In these days of computer-generated playlists, the personalized request has become a casualty at many radio stations. But at Classical KUSC, a listener-supported station, requests are a daily feature.
Every weekday, there’s a full hour of requests during the noon hour hosted by Alan Chapman. In addition, every weekday morning at 7:15 a.m., The Morning Show host Dennis Bartel plays an “Off to School Request.” (In the summer months, it’s called a “Summer Vacation Request.”) And Fridays from 4 to 7 p.m., host Rich Capparela takes requests during his At the Beach show.
The ones I really like are when people say a piece was their introduction to classical music.
Chapman said the station has been fielding requests since the days that the late Gene Parrish, who joined the station in 1984, hosted the midday show. Back then, requests were taken on the phone in the studio. Now they arrive online.
“I’m very glad to be the host” of the request show, Chapman said. “It’s a chance to talk back to our listeners and thank them for the request.
“The ones I really like are when people say a piece was their introduction to classical music,” Chapman explained. “Often, people who are learning to play a piece request it because they want to hear it played well. Others are advocating for a piece or a composer who they feel is underappreciated, for example, Malcolm Arnold. And still others are very specific, requesting not only a certain piece but a certain performance.”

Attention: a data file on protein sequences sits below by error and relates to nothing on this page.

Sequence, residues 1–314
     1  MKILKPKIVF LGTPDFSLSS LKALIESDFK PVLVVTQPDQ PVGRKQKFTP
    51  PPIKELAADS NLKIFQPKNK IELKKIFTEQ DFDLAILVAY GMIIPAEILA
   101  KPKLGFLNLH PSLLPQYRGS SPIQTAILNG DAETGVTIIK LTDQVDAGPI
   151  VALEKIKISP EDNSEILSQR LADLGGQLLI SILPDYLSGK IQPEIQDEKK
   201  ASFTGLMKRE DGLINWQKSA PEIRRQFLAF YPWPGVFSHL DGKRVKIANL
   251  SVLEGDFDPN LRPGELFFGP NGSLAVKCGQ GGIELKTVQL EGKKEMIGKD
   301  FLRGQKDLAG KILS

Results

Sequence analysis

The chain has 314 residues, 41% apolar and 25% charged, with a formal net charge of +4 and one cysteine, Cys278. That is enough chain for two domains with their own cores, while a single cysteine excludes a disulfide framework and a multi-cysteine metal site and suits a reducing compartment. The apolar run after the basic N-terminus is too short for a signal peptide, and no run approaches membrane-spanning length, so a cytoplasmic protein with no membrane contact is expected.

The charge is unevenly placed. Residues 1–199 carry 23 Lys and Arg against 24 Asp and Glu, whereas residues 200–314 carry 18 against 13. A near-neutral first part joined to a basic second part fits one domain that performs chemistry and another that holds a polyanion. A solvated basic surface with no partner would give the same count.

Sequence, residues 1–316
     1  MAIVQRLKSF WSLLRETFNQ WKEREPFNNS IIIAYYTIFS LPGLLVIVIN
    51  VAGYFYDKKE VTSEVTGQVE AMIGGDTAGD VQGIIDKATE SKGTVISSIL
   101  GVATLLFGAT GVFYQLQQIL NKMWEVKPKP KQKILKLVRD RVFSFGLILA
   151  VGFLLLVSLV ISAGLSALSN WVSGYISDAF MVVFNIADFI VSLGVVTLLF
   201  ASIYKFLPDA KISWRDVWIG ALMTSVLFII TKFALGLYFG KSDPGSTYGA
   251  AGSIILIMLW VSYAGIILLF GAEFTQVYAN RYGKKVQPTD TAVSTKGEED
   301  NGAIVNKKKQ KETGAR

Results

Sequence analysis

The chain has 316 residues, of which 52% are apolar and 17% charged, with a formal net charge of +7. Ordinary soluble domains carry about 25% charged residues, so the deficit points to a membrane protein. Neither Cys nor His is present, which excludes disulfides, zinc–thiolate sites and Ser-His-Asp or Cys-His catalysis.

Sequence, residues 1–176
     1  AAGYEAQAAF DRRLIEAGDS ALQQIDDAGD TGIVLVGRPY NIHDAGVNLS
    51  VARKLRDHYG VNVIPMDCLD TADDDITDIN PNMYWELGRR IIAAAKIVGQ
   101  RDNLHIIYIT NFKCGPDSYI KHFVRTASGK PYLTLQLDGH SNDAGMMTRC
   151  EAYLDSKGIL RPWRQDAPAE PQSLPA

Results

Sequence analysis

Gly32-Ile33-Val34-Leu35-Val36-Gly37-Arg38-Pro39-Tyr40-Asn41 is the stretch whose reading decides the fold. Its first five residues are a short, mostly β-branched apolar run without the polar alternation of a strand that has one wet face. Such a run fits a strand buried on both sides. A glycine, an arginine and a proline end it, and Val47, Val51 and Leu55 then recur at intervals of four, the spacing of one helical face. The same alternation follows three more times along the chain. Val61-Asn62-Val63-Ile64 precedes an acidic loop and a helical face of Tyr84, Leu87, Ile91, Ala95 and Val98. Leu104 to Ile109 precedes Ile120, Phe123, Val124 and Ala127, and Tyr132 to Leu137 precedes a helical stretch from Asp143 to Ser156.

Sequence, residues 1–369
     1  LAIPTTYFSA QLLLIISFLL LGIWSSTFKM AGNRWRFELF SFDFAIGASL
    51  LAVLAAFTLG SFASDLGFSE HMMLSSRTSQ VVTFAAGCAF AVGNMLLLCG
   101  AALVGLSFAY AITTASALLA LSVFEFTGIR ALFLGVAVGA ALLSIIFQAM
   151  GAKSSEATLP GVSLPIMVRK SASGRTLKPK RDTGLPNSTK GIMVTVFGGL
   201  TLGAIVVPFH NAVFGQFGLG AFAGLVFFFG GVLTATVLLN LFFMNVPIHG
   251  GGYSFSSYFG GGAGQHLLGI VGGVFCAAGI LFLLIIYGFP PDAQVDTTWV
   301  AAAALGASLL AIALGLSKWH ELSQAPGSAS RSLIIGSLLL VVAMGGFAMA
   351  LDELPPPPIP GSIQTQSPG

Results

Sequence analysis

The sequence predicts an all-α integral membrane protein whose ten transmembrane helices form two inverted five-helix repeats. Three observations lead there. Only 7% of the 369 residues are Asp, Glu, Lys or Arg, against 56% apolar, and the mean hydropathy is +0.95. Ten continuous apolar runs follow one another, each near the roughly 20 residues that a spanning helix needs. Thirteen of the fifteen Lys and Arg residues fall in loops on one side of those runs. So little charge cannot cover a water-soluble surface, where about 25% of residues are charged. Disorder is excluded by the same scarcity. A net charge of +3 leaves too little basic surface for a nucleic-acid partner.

The station streams worldwide at kusc.org, so requests now come from far afield. “We get a certain number of requests from people who have moved away,” said Chapman. “It keeps them connected to Los Angeles.”
From greatest hits to obscure stuff
Chapman said he admires the appropriateness of listeners’ requests, noting that they understand what is suitable for the time of day. “It wouldn’t serve the audience to play a challenging piece like Schoenberg’s Opus 25 Suite at midday,” he said.
In the morning, “Summer Vacation Requests” are often dedications by parents to children and vice versa. They may celebrate a birthday or other milestone, or they may involve a bit of nostalgia for a piece a listener played in a band years ago.
USC Radio’s Rik Malone, who tracks down the requested pieces of music, said that taking and honoring requests show that “we’re listening to the listeners.”
Malone said that requests seem to be evenly divided between “greatest hits and really obscure stuff that the listener thinks no one else knows about and wants to share.” The former includes pieces such as Pachelbel’s Canon, Rossini’s “Barber of Seville Overture,” and symphonies by Beethoven and Brahms. For the latter, “there’s usually a reason something is obscure,” Malone said, “but sometimes it’s very beautiful, and we end up adding it to our playlist.” One example the station was directed to by a listener, he recalled, is “Serenade for Small Orchestra” by Hungarian composer Leó Weiner.
“Requests definitely bring us closer to the listeners,” Malone said.